Industry-specific trade periodicals
Almost every industry and its subsets organize the publication of periodicals devoted to their specific interests. Trade periodicals are a wealth of information geared specifically towards the particular market (and related industry) you are researching. If your market has an industry that serves it, then odds are, at least one (and most likely several) magazines and newsletters exist to talk about the latest industry news.

Interviews with industry experts
Actually talking with someone with experience in the particular market you are targeting will often provide a number of important insights.

Reference librarians
Reference librarians are a fantastic resource when first starting your research. They have a broad knowledge of all sorts of different sources of information related to your topic, and can often point you in the right direction. The JHU library on the Homewood Campus has a number of reference librarians happy to help you out in any way they can.

Surveys of potential customers
While difficult to conduct, a survey of your potential customers can provide critical, novel research to strengthen the underlying arguments supporting your value proposition.

Scholarly articles
Scholarly articles, often published in highly specialized periodicals geared towards the academic exploration of a particular topic (whether it be logistics or nanotechnology), can provide much useful information.

Websites these days are often a source of useful information related to your research. Many websites are highly respected, reputable sources of information specific to your paritcular market or industry. One must always be careful to avoid citing websites that may be viewed as inaccurate. Websites for governmental agencies, or respected industry associations are always acceptable. Even personal websites authored by well-credentialed individuals will pass muster. One must be careful however to avoid websites published by individuals espousing a personal opinion with relatively little supporting evidence to the claims.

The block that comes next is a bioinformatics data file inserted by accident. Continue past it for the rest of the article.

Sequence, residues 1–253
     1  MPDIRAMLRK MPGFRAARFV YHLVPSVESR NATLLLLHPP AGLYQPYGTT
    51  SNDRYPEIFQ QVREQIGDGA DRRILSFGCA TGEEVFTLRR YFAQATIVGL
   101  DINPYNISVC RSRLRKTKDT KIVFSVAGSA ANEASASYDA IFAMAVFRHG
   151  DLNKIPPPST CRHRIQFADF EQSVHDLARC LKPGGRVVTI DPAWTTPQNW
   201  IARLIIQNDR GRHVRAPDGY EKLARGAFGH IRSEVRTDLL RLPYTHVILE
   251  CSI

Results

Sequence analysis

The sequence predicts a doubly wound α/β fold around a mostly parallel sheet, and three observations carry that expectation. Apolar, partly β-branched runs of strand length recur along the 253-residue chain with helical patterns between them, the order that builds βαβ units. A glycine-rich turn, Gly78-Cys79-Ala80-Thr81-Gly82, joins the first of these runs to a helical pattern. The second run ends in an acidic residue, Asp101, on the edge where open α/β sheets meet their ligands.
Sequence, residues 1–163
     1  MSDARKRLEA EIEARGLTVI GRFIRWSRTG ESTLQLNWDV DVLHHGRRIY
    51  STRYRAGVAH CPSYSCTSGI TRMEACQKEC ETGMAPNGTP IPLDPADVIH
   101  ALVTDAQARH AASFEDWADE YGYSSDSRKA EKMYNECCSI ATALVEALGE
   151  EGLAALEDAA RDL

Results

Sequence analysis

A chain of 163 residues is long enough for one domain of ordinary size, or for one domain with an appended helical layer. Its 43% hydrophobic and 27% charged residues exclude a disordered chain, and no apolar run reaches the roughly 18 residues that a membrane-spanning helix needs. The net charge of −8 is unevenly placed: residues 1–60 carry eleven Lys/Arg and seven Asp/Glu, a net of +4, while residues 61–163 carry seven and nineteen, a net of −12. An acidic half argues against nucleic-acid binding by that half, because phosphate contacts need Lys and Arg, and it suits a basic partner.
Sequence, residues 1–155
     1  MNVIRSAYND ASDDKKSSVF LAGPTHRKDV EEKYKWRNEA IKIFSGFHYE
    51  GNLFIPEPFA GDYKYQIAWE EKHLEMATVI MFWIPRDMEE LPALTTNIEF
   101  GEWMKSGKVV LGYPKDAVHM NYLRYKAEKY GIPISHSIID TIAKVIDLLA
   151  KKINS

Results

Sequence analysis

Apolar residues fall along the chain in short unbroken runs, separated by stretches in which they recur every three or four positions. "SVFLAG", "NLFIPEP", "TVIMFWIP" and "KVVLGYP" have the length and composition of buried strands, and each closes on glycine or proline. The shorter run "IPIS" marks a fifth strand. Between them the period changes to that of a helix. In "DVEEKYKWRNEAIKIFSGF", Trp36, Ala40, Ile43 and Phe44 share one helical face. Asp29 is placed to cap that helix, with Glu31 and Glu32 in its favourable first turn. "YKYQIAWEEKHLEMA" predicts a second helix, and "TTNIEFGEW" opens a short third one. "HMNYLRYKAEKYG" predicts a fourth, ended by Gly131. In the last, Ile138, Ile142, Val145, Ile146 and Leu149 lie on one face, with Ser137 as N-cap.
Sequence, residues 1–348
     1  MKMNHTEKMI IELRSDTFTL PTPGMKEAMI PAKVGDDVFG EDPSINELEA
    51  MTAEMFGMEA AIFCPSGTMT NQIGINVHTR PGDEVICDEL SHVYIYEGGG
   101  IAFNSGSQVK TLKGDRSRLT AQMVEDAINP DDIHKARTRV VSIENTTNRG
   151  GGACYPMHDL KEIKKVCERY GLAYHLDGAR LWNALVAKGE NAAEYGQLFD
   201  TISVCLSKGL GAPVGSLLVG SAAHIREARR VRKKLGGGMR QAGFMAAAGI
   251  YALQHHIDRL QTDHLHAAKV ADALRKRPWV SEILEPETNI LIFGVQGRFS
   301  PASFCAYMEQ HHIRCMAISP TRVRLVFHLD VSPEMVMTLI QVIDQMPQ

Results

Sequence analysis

JHU Library Research Help Section – Extremely useful
U.S. Demography – U.S. demographic information
CyberAtlas – Research about online populations
EconData – Economics and demographic information
ReferenceUSA – U.S. demographic information
USA Data – Consumer lifestyle data


Bureau of Economic Analysis – Wide range of economic statistics
Bureau of Transportation Statistics – Transportation statistics
Centers for Disease Control – Data on health status, lifestyle, use of healthcare
Department of Commerce – Economic statistics
U.S. Census Bureau – All data from the U.S. census
Office of Research and Statistics – Provides a wide range of government statistics


Everything you find here is designed to help you write a better business plan. Take what you like, ignore what you do not. The most important thing to remember is that there is no single “right way” to write a business plan.

Johns Hopkins University Business Plan Competition